What is going to happen?

Who is involved?

How might the child feel?

What will the situation feel like?

What is an appropriate way of responding?

How is it likely to play out?

For instance, in the case of social distancing and self-isolation, it may be something like, “Johnny feels worried and angry. He tells Mama he’s upset he can’t go to school and play with his friends. Mama tells Johnny that it is hard and frustrating. They can FaceTime his friends and work in the garden and go for walks in nature. It will be different but it will get better. No matter what, his parents are there to love him and talk to him when he’s angry or upset.”

Provide positive affirmation and underscore strategies that the child has used in the past.

I love social stories for parenting because they:

  • give my kids the words they are lacking,
  • convey empathy,
  • scaffold their abilities just outside of their grasp,
  • promote self-regulation,
  • set expectations in a way that is more palatable than typical discipline,
  • give appropriate behaviours for new situations, and
  • are a powerful alternative to lecturing.

Related reading: Scolding is ineffective. Here’s what to do instead.

She came over to me and was in my arms once more
She came over to me and was in my arms once more.

Slowly, my daughter inched herself out from under the bed. By the time I’d reached the clincher in my tale, she was in my arms once more.

“When the mama realized the girl had struggled when her grandpa got hurt and Maggie got hit by a car, all she wanted to do was hug her girl. The mom took the girl in her arms and suggested the two of them head out for special girls’ time.”

This was the first time we headed down from our time in her room where she smiled. Her relief was palpable and so was mine.

In the heat of the moment, when your child is having a meltdown or struggling to listen, this strategy is powerful and effective at calming your child and promoting good listening. #parenting #parentingtips #positiveparenting #positivediscipline #parentingtoddlers #strongwilledchildren

For more great articles like this, check out:

COVID-19, social distancing and easing anxiety in kids

The analogy that will change how you view your child’s difficult behaviour

Scolding is ineffective. Here’s what to do instead.

How to stop backtalk and restore peace in your family

Calming an Angry Child: positive parenting strategies that work

  1. What a fantastic idea! I could have used this method with my daughter yesterday-she was really testing my limits! I love that your sweet girl was willing to try the stuff on her plate. Honestly, I am going to try this the next time I have an opportunity!

  2. I really enjoy your positive parenting. You always have the most creative and loving ideas. Your social stories are brilliant.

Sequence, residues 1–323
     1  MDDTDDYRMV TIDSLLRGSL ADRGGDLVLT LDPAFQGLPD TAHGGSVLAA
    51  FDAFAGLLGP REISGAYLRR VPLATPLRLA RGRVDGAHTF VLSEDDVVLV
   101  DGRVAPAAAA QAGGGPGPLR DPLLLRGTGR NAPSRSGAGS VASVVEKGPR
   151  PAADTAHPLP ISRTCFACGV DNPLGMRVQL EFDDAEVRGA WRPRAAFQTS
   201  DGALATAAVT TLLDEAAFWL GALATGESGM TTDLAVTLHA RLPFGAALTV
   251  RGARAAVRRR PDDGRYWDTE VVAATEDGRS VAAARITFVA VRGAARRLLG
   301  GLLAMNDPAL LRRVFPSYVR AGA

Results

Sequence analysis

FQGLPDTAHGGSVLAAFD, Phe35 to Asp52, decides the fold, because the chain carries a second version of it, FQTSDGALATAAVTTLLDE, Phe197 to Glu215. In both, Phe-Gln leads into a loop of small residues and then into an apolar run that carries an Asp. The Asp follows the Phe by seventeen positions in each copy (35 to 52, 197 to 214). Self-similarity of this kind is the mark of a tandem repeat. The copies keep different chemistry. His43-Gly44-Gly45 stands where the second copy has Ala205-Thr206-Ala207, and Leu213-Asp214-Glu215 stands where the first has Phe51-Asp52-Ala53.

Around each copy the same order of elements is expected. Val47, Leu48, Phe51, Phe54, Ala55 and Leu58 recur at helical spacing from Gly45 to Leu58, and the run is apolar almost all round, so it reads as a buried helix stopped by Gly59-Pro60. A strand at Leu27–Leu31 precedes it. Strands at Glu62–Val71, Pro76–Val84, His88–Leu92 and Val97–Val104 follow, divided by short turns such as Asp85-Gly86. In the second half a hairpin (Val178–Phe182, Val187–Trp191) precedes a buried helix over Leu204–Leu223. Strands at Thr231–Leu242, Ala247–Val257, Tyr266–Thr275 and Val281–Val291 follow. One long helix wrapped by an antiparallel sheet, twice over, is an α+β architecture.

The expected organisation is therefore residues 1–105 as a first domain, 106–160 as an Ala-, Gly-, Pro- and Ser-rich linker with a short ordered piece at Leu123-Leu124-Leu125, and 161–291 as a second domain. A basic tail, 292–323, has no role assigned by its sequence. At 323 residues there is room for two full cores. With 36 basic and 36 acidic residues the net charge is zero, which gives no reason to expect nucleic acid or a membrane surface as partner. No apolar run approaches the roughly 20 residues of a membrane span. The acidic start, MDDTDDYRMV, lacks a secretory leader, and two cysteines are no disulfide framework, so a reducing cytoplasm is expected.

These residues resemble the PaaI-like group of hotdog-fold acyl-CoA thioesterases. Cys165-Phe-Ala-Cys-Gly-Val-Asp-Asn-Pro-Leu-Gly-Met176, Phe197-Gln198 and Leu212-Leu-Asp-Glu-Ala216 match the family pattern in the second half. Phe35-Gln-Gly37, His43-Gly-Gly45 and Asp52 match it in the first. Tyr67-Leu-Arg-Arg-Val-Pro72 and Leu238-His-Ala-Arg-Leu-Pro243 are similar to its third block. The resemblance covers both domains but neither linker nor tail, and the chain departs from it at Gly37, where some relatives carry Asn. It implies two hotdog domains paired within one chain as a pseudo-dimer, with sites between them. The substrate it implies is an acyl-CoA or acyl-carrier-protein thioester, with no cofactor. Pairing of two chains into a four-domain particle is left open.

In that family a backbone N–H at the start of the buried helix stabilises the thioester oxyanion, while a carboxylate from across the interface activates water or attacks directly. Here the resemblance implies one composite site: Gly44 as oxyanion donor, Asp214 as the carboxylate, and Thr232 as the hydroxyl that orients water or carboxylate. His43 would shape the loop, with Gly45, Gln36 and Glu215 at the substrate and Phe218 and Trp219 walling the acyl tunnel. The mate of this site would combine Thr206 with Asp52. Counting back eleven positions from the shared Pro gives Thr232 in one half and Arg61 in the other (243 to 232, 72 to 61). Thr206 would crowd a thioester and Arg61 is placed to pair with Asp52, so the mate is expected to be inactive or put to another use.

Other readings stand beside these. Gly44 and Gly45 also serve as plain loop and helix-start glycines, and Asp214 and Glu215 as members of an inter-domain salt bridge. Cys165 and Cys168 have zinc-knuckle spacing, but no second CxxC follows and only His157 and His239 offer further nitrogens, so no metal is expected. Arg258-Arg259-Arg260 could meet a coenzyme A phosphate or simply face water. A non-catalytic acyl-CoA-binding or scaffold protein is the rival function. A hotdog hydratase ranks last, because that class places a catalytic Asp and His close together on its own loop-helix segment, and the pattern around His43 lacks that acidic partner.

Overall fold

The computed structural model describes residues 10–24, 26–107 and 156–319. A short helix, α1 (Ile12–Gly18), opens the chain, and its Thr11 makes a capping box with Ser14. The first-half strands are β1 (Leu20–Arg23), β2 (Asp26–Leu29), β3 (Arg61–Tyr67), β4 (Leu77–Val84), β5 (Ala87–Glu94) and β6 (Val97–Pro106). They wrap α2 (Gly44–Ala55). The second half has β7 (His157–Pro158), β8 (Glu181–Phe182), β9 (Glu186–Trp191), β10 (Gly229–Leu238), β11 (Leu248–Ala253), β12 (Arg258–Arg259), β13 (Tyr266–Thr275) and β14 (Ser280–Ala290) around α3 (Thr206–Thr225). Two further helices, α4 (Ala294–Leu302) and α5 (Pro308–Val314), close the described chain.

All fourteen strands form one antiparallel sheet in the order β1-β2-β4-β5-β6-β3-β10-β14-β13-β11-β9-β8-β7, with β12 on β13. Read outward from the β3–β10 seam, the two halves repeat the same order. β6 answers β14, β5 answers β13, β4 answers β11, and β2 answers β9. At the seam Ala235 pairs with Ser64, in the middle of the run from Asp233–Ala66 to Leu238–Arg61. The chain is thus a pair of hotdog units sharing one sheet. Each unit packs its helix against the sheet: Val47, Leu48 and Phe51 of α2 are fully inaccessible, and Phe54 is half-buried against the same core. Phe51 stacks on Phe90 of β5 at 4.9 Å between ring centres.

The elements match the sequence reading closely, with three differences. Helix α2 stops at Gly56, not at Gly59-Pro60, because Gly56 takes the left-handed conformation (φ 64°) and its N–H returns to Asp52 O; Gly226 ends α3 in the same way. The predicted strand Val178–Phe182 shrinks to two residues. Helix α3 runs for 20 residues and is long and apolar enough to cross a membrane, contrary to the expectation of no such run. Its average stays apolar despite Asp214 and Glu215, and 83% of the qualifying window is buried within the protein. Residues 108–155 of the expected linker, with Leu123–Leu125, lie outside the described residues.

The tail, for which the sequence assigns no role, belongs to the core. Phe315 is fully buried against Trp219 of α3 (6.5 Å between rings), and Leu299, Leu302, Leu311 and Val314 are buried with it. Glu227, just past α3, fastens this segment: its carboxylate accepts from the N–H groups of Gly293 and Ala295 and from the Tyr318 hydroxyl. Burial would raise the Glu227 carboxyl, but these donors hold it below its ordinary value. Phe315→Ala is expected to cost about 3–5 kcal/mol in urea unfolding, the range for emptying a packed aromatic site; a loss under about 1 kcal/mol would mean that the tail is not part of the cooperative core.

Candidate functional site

3. Social stories have always worked best for my older girls. Love this post. So well written:)

  4. Omg I soooooo needed this today!!! It was almost a 5 hour long string of tantrums last night over EVERYTHING. I honestly couldn’t even…anymore….I haven’t used social stories in awhile. I’ll be bringing them back tonight to hopefully set the stage for a better evening. Thank you! Sharing!

    1. Oh I can certainly relate. It’s funny how we almost forget certain parenting strategies until you hear someone else using them. Thanks for reading xo

  5. I think I should have read this one this morning!! We had a very unsuccessful day from my point of view… a few accidents, no nap, didn’t want to eat dinner… You name it I was dealing with it!! I will try this approach tomorrow if I have a repeat offender.

  6. I saw your scope about this — and as an aside, I could totally relate to what you were talking about having your child in childcare for so long! — and I thought this was a fabulous idea. I used to work with children with ASD, and social stories were so instrumental. I can see how this would also be a great tool for my toddler. I will definitely try it with her!

  7. So happy I finally got a chance to read this – I remember you mentioned it during one of your scopes this past week. Great idea, and I’ll definitely be trying it for sure. Lately when my daughter has been going to bed, I’ve been making a HUGE point to tell her what a great job she did the night before sleeping, and am providing as much positive reinforcement as possible. Maybe this idea could help us too, with getting her to sleep better through the night! And for many other things! 🙂

  8. As a mom to an almost 3 year old, I am also on the lookout for ways to parent better. To help diffuse the situation at hand. This are some great tips.

  9. As i read your article, i kept smiling and smiling… that’s what i do with my 4 and a half years old daughter especially when her behavior is unexplained (teasing her brother, throwing toys and FOOD out of nowhere…).
    I currently don’t act when she does sth like this, i ignore the act completely and when she calms down a bit, i interfere with explanations and end us with a story about myself when i was a kid fighting with my little brother at home etc…
    I also tell her bedtime stories about me or a princess somewhere explaining the wrong/right …

    Kids are soooooo intelligent and they understand us more than we do. We as mothers have to know how and when to handle each situation without making a scene and pointing the finger on “Oh no that’s bad. that ‘s not right etc…”.